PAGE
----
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When my friend Rachel Britton, author of Tough to Love: How to Find Peace in Difficult Relationships sent me this post for you, I was delighted. Rachel gives us such a powerful but counter-intuitive way to listen when we don’t like what we’re hearing. Make sure to read to the end for a giveaway of her book. Please welcome Rachel!
If you’re like me, you don’t want to listen to a difficult person in your life.
I find myself groaning about that person giving their point of view in the meeting. I avoid making eye contact, and especially conversation, with the relative sitting across from me at the dinner table. Or, I try to walk past the woman at church pretending I haven’t seen her. At the most I force a smile and a “how are you,” which doesn’t look like it’s coming through clenched teeth.
I have to say, it’s exhausting dealing with my emotions when I don’t want to listen. Unfortunately, often, we have little choice. The most difficult people are usually closest to us.
So, how do we listen without getting worn out? It is important to take the time and let our work colleagues, family members, or sisters at church have their say. But, there’s another lesson in how we listen that can be learned, and that is realizing it’s what we listen to that can trip us up.
We need to be aware of how we allow the words we hear to affect us.
I can pick up on one small phrase or word said to me, which blows up in my head. Before I know it, I’m wrestling with accusations not actually spoken to me.
“I’ll send you the details again,” she said innocently. Yet, I didn’t just hear “again.” I heard: “You’re so disorganized and unprofessional.” “You’ve made me do extra work.“ “You’re such a loser.” “Can’t you get your act together?”
Unfortunately, my internal monologue didn’t stop there. I repeated it to my husband when he walked through the door after a long day of meetings. I’m chopping carrots like I’m using an axe and fifteen minutes later I could see from his shoulders this was not the way to unwind for the day.
So, how do we listen without finding ourselves blowing everything out of proportion, complaining about our friend to someone else, and learning to let go of words that hurt?
Thankfully we have a heavenly Father who we can talk to, who listens to what we have to say, and who promises to bring peace into the situation. Not only that, we can trust him to speak on our behalf.
The Bible, in Philippians 4, encourages us to take our anxiety about anything and everything, including our frustration over words spoken to us, to God in prayer.
And in Psalm 109 we have an example of David turning to God about the people who “opened their mouths against me.” They lied, said hateful words, and made accusations. David didn’t hold back in his anger. “May his children be wandering beggars,” he said about his enemy! We can be like David and let it all out to God. After all, God knows everything we’re thinking, feeling, and feel like saying and doing to the other person.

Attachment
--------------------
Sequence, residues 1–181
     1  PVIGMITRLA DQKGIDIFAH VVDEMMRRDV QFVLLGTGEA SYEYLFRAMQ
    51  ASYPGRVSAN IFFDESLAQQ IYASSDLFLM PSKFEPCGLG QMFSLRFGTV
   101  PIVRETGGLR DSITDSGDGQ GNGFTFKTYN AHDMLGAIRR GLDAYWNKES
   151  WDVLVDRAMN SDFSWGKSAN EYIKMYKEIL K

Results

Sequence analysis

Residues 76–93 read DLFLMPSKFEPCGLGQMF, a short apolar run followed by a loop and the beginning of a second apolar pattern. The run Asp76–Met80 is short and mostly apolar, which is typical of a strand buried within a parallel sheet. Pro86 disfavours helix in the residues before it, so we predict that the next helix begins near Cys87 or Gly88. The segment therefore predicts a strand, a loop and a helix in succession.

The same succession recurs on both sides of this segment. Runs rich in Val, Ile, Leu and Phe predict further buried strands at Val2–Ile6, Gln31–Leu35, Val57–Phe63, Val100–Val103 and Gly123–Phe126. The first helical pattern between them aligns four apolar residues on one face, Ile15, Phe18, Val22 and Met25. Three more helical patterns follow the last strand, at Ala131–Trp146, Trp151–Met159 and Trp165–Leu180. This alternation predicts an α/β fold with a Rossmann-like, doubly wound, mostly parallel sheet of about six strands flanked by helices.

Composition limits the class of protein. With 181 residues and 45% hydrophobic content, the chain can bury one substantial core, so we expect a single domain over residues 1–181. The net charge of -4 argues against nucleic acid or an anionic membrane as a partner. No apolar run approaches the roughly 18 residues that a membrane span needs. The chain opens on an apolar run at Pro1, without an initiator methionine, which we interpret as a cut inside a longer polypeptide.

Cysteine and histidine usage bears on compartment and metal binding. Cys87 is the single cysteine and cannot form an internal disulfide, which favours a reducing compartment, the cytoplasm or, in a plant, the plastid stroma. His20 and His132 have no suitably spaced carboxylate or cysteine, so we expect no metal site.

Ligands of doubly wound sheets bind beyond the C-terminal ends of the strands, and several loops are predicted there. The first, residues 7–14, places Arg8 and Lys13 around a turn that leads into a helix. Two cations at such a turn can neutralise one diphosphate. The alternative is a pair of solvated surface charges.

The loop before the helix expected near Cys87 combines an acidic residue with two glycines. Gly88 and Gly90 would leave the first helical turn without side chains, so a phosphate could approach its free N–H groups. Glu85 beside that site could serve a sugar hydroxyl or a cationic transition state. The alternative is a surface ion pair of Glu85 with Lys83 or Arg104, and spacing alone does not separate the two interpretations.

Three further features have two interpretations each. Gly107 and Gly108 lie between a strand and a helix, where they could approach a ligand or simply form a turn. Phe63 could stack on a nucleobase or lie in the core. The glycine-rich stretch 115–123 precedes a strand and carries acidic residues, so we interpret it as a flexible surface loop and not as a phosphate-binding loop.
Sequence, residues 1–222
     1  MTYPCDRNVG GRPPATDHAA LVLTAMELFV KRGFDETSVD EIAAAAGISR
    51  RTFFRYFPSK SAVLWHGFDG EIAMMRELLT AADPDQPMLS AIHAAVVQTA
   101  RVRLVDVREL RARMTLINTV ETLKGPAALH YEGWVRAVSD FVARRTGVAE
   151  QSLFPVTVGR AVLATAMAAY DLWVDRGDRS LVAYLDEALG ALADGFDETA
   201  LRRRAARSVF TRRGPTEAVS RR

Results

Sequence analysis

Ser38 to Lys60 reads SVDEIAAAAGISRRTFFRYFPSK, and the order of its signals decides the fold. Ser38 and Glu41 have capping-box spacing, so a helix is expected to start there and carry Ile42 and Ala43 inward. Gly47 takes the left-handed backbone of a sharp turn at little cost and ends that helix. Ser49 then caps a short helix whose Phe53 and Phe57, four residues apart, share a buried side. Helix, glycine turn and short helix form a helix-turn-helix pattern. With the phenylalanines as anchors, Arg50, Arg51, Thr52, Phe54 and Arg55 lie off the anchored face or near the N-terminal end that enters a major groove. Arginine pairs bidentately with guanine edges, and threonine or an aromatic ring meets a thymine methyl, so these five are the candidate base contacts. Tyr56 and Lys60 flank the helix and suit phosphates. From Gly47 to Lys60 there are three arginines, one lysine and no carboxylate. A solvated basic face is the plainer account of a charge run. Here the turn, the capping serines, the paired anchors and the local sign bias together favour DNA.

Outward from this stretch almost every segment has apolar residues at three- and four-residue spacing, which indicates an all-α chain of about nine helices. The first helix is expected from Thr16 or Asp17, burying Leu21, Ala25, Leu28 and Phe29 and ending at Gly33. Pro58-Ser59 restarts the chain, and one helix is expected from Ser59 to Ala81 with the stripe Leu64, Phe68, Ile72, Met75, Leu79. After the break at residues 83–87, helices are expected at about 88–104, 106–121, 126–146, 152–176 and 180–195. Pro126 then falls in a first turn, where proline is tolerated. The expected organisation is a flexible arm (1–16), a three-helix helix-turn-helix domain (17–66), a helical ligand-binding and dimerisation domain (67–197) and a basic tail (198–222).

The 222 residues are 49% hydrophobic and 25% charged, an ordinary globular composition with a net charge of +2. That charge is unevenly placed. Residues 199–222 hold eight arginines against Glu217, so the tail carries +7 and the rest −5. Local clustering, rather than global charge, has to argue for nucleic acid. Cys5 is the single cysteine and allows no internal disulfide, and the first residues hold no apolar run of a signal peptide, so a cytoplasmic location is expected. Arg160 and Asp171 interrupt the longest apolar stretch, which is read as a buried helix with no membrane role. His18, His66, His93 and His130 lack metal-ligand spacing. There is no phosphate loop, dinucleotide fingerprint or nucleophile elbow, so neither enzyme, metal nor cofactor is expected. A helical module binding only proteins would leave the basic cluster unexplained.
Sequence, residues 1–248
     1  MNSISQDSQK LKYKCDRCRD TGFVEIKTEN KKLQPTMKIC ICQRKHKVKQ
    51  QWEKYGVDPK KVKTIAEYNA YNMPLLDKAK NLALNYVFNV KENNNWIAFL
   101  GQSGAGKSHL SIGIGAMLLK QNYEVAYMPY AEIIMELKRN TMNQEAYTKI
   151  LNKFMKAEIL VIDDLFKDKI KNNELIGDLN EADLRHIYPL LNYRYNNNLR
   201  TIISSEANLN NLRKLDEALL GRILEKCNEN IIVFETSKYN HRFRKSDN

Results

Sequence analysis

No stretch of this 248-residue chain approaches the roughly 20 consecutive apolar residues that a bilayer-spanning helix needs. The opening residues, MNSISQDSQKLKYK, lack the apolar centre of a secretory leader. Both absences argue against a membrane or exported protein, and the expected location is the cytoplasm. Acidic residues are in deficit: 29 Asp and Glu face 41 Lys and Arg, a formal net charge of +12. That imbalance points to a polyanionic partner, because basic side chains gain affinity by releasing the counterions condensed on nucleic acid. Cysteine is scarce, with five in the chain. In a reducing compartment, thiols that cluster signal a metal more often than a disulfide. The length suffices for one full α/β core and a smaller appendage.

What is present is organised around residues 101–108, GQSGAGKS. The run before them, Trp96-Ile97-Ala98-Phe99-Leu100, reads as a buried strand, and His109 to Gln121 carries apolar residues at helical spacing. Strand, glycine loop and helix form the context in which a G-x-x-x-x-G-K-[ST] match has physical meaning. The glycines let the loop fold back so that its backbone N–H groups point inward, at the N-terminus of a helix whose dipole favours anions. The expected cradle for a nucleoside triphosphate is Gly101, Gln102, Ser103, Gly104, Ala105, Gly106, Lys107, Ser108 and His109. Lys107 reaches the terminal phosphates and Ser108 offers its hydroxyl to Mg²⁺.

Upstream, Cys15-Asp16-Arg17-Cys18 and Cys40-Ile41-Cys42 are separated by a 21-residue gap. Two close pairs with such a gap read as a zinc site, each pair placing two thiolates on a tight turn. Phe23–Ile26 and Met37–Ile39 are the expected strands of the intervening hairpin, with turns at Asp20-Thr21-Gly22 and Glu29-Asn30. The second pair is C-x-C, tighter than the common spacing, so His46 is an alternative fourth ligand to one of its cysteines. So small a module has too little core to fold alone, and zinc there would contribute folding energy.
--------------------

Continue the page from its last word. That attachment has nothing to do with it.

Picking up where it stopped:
Praying is a safe place to talk about that difficult person. What we say doesn’t go any further with God. We can burden him with our woes, instead of burdening those we love. And God, who lives in relationship, fully understands relationships both perfect and imperfect.
So, prayer isn’t telling God what’s new. Prayer is letting God give us a new perspective, and that includes a new perspective on the words we hear.
Just like David, after his outpouring, we have to ask God for his help. He says: “Lord, help me for your name’s sake; out of the goodness of your love, deliver me. For I am poor and needy, and my heart is wounded within me.” We need to ask God for help to get over the words we’ve heard that hurt us, and a fresh view on the words we think we’ve heard.
Prayer is not just pouring out our pain and frustrations, it is allowing God to pour in His peace.
We have to trust God. We must give everything over to God and believe He will deal fairly with what has been said to us, because He cares for us. And like in Psalm 109, if there has been any wrongdoing said against us, God is just. Like David, we can ask God to “not remain silent” on the matter.
As my finger hovered over the keyboard waiting to tap out an angry reply, I let my thoughts travel upwards. “Lord…”
It’s not easy to let go of what’s been said to us and leave it in God’s hands, but it’s better than taking the matter into our own hands.
Unhealthy reactions are likely to lead to unhealthy actions. With God, we can let go and move on. And, we’ll feel so much better for it. We’ll be freed from those exhausting emotions.
Next time you listen and words trip you up, catch your reactions before they go too far. Take them to God, pour out your pain, and ask for His perspective and peace. It may take more than one time, but persevere in prayer.
Giveaway: How do you think prayer can change your hard-to-listen-to conversations? Leave your comment for a chance to win a copy of Rachel’s excellent book, Tough to Love: How to Find Peace in Difficult Relationships.
Rachel is a British-born, author, blogger, and speaker. She helps women pray naturally and become comfortable and confident in their conversation with God. Raised on the east coast of England, Rachel moved to New England. She now lives in New York City with her husband. They have three young adult children. Connect with Rachel at rachelbritton.com